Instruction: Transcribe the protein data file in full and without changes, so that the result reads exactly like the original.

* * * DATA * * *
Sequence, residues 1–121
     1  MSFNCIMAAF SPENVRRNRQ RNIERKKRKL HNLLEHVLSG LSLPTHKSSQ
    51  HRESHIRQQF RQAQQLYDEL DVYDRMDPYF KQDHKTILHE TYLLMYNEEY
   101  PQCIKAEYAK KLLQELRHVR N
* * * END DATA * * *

Sequence, residues 1–121
     1  MSFNCIMAAF SPENVRRNRQ RNIERKKRKL HNLLEHVLSG LSLPTHKSSQ
    51  HRESHIRQQF RQAQQLYDEL DVYDRMDPYF KQDHKTILHE TYLLMYNEEY
   101  PQCIKAEYAK KLLQELRHVR N